There is mounting evidence that a relatively high incidence of Acid Reflux occurs among conservatoire singers, compared with other student musicians. This is of some concern, since the tissues of the larynx and oesophagus are not equipped to deal with stomach acids and the damage resulting from chronic reflux can cause ongoing problems, which manifest as serious vocal, and other long term health issues. Based on the literature, we hypothesized that performer lifestyle and possibly technical strategies and practice may be contributory factors. Through a qualitative, semi-structured interview format we examined student awareness of the symptoms, and possible long-term effects of severe and/or chronic reflux, and sought to identify possible indicators of susceptibility, together with exploring students’ perceptions of their own anxiety levels.

Data from the interview study revealed that both lifestyle choices and breath management strategies appear to be contributory factors in causing higher than average levels of reflux. All participants recognized the significance of diet as a causative factor and the two with highest reflux scores reported suffering from stress and anxiety. All knew that reflux is a significant issue for singers, but none understood the full implications of the symptoms and how these might affect the singing voice.

We highlighted a general lack of awareness of the significance of symptoms of reflux, including correlations between stress and reflux, breath management strategies and reflux and poor lifestyle choices, including diet and sleep patterns. Anxiety also may encourage upper chest breathing, whereas lower abdominal breathing appears to mitigate against symptoms of reflux. We hope that through further similar research these findings might inform more enlightened training methods.

This study formed part of the recent UK Conservatoires Musical Impact Project

Wed 7 Mar 2018
17.15h - 18.15h, Faculty of Dance, Lecture Theatre
Rebecca Stancliffe (Trinity Laban)
Video Annotation as an Analytic Practice

In the past few decades, film and video have become the go-to mode of documentation for contemporary movement practices. Affordable and easy to use, they facilitate instant access to a record of dance work. Such records have not, however, removed the need, or desire, to conduct in-depth analysis and, for a handful of practitioners, research into capturing and transmitting metastable concepts are ongoing. Media publications have emerged in the past twenty years that strive for potentiality in how artists’ practices are transmitted, and how they may be accessible to heterogeneous audiences. These include Improvisational Technologies (Forsythe et al. 1999), Double Skin/ Double Mind (EG|PC 2004) Material for the Spine (Paxton and Contredanse 2008), Synchronous Objects for One Flat Thing, reproduced (Forsythe and OSU 2009), the Motion Bank scores (2013). These publications make use of video annotation as a methodological tool or method of visualisation to foreground choreographic thinking and knowledge.

This presentation examines video annotation as an alternative method of dance analysis. Drawing examples of graphical and indexical annotations from a selection of media publications and reporting on case study findings that examines the process of annotation from a first-person perspective, the positive and negative analytic affordances of dance annotation are discussed. It is argued that annotation, as a support for extended cognition, offers the possibility to challenge what is seen, analysed, interpreted and understood about movement and dance.  

Wed 2 May 2018
17.15h - 18.15h, Faculty of Dance, Lecture Theatre
Gwyn Pritchard (Trinity Laban)
'Lost in the Forest': Pathways in the Creation of an Orchestral work
Synopsis to follow.

Other Research Events 

Research Lab

Sessions in this module on Research Methodologies for M-level students across both faculties run weekly throughout the year. Topics covered include research methodologies, practice-as-research, collaboration, documentation & archiving and much more. 

As part of the module, two Research Lab Graduate Symposia are scheduled: 

Wednesdays 

  • 14 Sep 2017 (one-day symposium - Term 1)
  • 25 Apr 2018 (one-day symposium - Term 3)

Find programmes for these and details of all other, weekly sessions on Moodle/Research

Open to Trinity Laban M-level and research students only 

Research Group

Sound and Movement Research Group, 16.00h-18.00h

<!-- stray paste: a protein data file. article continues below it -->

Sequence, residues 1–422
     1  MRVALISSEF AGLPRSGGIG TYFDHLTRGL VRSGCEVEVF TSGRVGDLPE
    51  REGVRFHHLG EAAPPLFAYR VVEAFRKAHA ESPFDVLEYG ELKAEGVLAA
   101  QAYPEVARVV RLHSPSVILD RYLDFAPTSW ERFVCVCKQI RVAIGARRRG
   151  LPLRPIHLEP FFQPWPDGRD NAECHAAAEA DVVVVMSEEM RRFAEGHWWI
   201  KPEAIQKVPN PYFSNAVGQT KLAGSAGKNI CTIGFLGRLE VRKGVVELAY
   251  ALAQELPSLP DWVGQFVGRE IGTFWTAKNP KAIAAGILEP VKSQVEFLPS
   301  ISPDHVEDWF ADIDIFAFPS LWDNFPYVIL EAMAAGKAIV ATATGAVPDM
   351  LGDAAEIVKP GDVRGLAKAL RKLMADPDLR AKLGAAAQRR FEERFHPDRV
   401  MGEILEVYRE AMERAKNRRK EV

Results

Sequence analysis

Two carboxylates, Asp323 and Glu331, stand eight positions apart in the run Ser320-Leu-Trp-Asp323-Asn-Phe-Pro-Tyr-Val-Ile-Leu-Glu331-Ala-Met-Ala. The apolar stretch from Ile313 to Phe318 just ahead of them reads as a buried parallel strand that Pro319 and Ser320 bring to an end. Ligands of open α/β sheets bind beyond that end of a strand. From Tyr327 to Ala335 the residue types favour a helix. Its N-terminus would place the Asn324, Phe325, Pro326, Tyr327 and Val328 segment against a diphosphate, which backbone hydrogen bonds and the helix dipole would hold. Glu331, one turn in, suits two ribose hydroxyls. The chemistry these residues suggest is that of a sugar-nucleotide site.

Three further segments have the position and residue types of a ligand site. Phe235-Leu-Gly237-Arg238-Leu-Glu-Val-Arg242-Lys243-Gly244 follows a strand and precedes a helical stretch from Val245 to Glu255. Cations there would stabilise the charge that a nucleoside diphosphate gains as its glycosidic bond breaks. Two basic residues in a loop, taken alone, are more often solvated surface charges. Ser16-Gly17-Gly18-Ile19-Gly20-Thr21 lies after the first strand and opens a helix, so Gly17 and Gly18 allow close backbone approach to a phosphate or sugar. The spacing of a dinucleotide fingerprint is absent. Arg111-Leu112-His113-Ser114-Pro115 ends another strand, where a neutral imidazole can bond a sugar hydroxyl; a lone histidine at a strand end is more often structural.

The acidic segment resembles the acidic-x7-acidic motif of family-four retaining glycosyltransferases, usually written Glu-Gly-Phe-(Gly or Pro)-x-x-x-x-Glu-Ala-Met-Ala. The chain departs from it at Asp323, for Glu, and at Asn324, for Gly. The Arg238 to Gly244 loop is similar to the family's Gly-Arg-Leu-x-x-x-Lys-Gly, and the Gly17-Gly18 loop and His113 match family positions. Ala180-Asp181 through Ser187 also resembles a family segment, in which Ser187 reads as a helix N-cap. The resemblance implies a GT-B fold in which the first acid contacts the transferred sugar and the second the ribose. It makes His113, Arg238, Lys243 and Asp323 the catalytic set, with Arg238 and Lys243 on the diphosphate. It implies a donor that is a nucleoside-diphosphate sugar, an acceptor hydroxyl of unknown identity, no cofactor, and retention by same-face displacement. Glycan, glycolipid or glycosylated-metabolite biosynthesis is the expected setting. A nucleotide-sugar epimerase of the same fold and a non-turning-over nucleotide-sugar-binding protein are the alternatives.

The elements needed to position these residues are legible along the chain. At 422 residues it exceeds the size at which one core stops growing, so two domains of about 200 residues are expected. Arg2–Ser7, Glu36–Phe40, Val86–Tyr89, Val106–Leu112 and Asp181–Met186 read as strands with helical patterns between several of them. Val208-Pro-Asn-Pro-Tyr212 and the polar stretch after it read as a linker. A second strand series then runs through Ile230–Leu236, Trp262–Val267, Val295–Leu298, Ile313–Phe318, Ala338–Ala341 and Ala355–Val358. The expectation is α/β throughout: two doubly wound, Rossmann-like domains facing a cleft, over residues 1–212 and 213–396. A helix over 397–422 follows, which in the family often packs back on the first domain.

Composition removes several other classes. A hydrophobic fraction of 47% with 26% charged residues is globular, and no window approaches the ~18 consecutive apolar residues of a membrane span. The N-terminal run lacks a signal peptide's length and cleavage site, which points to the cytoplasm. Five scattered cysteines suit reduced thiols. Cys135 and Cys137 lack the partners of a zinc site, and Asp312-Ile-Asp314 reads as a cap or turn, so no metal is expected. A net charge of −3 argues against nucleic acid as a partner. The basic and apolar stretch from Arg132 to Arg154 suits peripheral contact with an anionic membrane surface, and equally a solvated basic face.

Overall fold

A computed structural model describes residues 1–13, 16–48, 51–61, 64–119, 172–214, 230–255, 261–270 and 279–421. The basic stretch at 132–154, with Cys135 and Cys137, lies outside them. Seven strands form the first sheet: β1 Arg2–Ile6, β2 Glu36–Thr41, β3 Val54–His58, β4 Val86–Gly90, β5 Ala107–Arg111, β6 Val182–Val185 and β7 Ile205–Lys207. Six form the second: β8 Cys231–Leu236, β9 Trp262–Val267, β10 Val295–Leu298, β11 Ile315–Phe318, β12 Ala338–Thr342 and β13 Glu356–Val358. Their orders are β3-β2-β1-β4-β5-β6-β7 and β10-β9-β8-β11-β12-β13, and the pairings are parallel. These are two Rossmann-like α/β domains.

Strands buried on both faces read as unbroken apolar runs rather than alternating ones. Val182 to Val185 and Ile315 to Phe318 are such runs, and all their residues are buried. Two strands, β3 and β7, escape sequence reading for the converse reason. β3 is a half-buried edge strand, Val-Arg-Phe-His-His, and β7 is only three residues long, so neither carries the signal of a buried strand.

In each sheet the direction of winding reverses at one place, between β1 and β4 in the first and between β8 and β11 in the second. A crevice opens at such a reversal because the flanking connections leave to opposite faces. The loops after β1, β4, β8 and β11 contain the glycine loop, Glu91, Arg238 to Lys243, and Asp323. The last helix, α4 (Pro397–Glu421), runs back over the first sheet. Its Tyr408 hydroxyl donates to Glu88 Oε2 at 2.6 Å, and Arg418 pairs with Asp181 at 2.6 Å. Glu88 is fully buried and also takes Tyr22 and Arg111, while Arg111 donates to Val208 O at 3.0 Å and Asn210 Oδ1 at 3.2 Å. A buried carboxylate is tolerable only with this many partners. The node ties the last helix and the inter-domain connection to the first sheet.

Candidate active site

• Wed 8 Nov 2017, Faculty of Dance, Research Hub

Led by Dr Sam Hayden. Further meeting dates to be confirmed.

Open to Trinity Laban staff and research students only

 

Symposium
The Dancer's Mind

Thu 7 Dec 2017, 14.30h-18.30h, Faculty of Dance

Led by Dr Emma Redding

Join us for an afternoon symposium where practitioners, researchers and students will challenge the measurement of creativity in dance. This symposium will include presentations, panels, duels and debates as well as an opportunity to hear about the findings of a 3-year longitudinal experimental study into mental imagery and creativity in contemporary dance led by Plymouth University, Coventry University and Trinity Laban Conservatoire of Music and Dance. 

The programme includes:

Presentations
A Duel: Can Creativity be Measured?
Speakers: Prof. Jon May V. Dr Kerry Chappell

In the Dancer’s Mind Project Overview and Context
Speakers: Prof. Sarah Whatley and Dr Emma Redding

Cognitive Thinking in Choreography / PACT
Speaker: Dr Philip Barnard

In the Dancer’s Mind Project Findings and Implications
Speaker: Prof. Jon May

PhD Studies Associated with the Project
Speakers: Dr Lucie Clements, Rebecca Weber and Klara Lucznik 

plus 

Practical Cognitive Task
The Imagination Game
Facilitator: Amanda Gough 

Practical Session
Imagery-based Movement Generation Class
Facilitators: Clare Baker, Katye Coe and Dr Naomi Lefebvre Sell 

Panel Discussion
Student and Practitioner Panel – Experiences and Reflections
Facilitator: Dr Sara Reed; Panel: Katye Coe, Clare Baker, Amanda Gough, Dr Naomi Lefebvre Sell

Download the full programme (pdf)

The event is free but ticketed.

Workshop
Britten: Peter Grimes and Billy Budd

Thu 22 Mar 2018, 13.00-18.00 tbc, Faculty of Music, Peacock Room 

A workshop for Trinity Laban students with Prof J E Harper-Scott (Royal Holloway), Dr Jonathan Owen Clark (Trinity Laban) and naval historians from the National Maritime Museum.

Symposium
Choreology

Wed 18 Apr 2018, 13.30h-17.45h, Faculty of Dance

Led by Rosemary Brandt

Details to follow.

Symposium
Voice and Politics 2018

Wed 23 May 2018, 13.00h-19.00h, Faculty of Dance

Led by Guy Harries

This research event explores the performing voice (singing, speaking, uttering) in socio-political contexts. Theorists and practitioners will be discussing concepts of agency, power and resistance manifested in the voice in a range of performative situations.

Previously titled ‘Opera and Politics’, this symposium series includes presentations, a panel discussion and an opera-making workshop.

13.00-15.30 Opera making workshop, Studio 5

16.00-19.00 Presentations and panel discussion, Lecture Theatre

Free and open to the public.

External visitors who would like to attend events that are open to the public are requested to book their place in advance by contacting the Research Administrator, Angela Kerkhoff, at a.kerkhoff@trinitylaban.ac.uk.

Related Links